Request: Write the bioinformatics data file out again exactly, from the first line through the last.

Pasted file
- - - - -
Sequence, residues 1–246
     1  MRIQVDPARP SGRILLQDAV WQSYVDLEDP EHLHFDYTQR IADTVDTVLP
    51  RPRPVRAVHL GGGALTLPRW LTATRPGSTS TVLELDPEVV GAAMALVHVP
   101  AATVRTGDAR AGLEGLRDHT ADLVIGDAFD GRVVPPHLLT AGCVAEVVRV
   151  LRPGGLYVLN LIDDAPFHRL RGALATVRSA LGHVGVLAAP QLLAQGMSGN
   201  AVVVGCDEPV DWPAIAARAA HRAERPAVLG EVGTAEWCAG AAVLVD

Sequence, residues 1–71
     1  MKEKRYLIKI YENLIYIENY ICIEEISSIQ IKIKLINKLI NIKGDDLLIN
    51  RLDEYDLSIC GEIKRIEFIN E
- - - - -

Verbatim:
Sequence, residues 1–246
     1  MRIQVDPARP SGRILLQDAV WQSYVDLEDP EHLHFDYTQR IADTVDTVLP
    51  RPRPVRAVHL GGGALTLPRW LTATRPGSTS TVLELDPEVV GAAMALVHVP
   101  AATVRTGDAR AGLEGLRDHT ADLVIGDAFD GRVVPPHLLT AGCVAEVVRV
   151  LRPGGLYVLN LIDDAPFHRL RGALATVRSA LGHVGVLAAP QLLAQGMSGN
   201  AVVVGCDEPV DWPAIAARAA HRAERPAVLG EVGTAEWCAG AAVLVD

Sequence, residues 1–71
     1  MKEKRYLIKI YENLIYIENY ICIEEISSIQ IKIKLINKLI NIKGDDLLIN
    51  RLDEYDLSIC GEIKRIEFIN E